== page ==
PSP games, yeah they still make those, they even play on your Vita. Just ask NIS America who brings us Generation of Chaos: Pandora’s Reflection. You might be familiar with previous entries on the PSP (or on the PS2 in Japan) where you controlled generals who commanded large armies. Pandora’s Reflection is a very different beast compared to those games.
You’ll be thrust immediately into a barren land of disease and suffering known as Hades. Claude, an alchemist, is searching for Snowdrops in an attempt to keep his sister Yuri healthy, all the while knowing of a strange butterfly mark on her neck, hidden by bandages. Along they way they are greeted by friend and foe alike as they set out to stop the source of the Ashen Rain that is plaguing the land. The story is interesting enough and plays heavily on not only the struggles of your group, but the struggle of citizens as they are simply pawns in a much grander scheme. Much of this relies on you buying into the emotions they are trying to convey. If you feel no remorse for killing innocents, then this will likely disappoint.
The characters themselves are surprisingly lively despite the world they are in. The all have their quirks and the back and forth conversations are full of subtle jabs at each other, along with the occasional innuendo and blushing character portraits. All of the spoken dialogue is in Japanese, but for what it’s worth it is pretty good. The translation is also top notch and avoids any awkward translation, something expected from a publisher such as NIS America.
Combat brings the biggest deviation from previous Generation of Chaos games. Pandora’s Reflection does away with large scale battles in favor of a new system called “Attack Chance”. Battles begin when two units come into contact. You select your weapon in a rock-paper-scissors style strong against, weak against system. The interesting aspect of each weapon is the number of bonus damage buttons they have. Pressing X while the bar fills to one of those buttons will give bonus damage. After battle a red ring will surround the attacked enemy. Any friendly units inside the radius of the ring can also attack that unit. The size of the ring is dictated by the number of bonus buttons hit during the attack. This adds an interesting layer of depth, forcing you to sometimes decide between the better weapon or the one that grants the larger circle. When five characters attack the same enemy they execute an even stronger attack that adds bonus damage to the final hit. This is particularly effective against bosses and other powerful enemies.
Combat is far from easy, though the game does a decent job of easing you into the system. Players can spawn two units to start the mission and can spawn more by capturing points on the map. Players can also capture or destroy points controlled by the enemy to force their units to retreat. At first it is easy to manage the battlefield, but things quickly get chaotic. You have to be conscious of enemy movement in relation to your points, specifically you main base. If it falls, you fail. Enemy units will often B line to unguarded points. A major advantage can quickly be lost if you aren’t careful of how you position your forces. Units guarding point are not much safer than the points themselves. Often times they will be attacked by multiple enemies and knocked out of combat. The enemy A.I. can be absolutely vicious early on, only wavering when the bulk of your forces are on their doorstep.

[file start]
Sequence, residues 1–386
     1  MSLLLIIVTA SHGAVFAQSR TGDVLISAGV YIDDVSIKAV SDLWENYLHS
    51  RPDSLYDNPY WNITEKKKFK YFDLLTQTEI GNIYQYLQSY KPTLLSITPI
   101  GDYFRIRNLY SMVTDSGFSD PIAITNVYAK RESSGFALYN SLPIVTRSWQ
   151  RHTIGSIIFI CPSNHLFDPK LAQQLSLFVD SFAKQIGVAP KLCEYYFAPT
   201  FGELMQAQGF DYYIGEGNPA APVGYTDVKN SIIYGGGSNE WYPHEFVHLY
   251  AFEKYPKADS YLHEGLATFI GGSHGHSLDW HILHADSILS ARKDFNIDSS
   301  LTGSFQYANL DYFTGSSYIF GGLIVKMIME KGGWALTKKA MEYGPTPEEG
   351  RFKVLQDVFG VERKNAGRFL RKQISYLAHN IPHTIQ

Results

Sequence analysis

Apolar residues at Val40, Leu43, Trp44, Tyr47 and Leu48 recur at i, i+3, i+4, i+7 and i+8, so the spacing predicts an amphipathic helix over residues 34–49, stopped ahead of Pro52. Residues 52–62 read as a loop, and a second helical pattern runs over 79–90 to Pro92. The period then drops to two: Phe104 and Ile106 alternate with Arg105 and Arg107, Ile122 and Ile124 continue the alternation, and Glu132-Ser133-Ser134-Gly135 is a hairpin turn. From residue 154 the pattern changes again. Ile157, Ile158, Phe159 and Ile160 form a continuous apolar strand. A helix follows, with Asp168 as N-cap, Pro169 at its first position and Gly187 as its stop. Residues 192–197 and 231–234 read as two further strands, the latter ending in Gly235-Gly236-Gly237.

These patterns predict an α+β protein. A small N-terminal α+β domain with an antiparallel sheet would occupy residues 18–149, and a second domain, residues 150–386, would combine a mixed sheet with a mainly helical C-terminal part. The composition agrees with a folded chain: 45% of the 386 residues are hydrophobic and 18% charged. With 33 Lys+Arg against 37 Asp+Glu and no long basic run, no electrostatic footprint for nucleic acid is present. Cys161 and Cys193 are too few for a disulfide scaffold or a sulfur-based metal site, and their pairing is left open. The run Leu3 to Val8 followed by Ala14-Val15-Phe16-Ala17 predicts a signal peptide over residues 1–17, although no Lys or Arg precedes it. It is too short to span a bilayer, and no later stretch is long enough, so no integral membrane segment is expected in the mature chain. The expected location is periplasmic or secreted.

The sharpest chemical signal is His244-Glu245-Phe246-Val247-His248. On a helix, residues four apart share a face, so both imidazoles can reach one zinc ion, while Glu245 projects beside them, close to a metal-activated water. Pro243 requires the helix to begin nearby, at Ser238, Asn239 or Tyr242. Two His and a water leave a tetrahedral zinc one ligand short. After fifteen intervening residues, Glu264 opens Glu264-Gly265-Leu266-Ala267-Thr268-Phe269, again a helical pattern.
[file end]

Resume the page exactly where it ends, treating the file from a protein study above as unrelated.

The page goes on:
Outside of battles you can equip you units with new weapons and armor, or upgrade their existing equipment using the alchemy system. You can use XP gained in battle to make stronger weapons, or use human alchemy to level up characters. XP is also used to heal characters after battle. Failing to do so will almost certainly set you up for defeat in your next battle. There is a lot of management required in and out of battle, and that will definitely turn away some of the more casual players. Those willing to take the time to learn and master the various system at work will be rewarded with a much easier playing experience, which in turn is likely to turn off some of the more hardcore players who came for gameplay, but not story.
The music is a surprising stand out and is consistently excellent. This is the kind of game you set down and just listen for a few minutes before moving on. The anime style design is also very nice, but is only really shown through portraits during conversation or in menus. Level design is bland and underwhelming. Sure it is a tactical game, they don’t need to look amazing, but looking at games like Fire Emblem: Awakening with 3D environments and living elements make the battlefields on offer here seem all the more dull.
Generation of Chaos: Pandora’s Reflection is a good PSP game at a time where the PSP is mostly obsolete. This isn’t a game that will make you dust off the old PSP if you haven’t played it in a while, but Vita owners starved for new games may want to give the game a look in the Playstation Store. While it isn’t a perfect fit for the most casual or the most hardcore of players, there is definitely a group of players out there who will find enjoyment. Hopefully Generation of Chaos will eventually find its way onto the Vita, further building upon the successes of Pandora’s Reflection. Until that time, this will have to be your strategy fix on Sony’s portable platforms.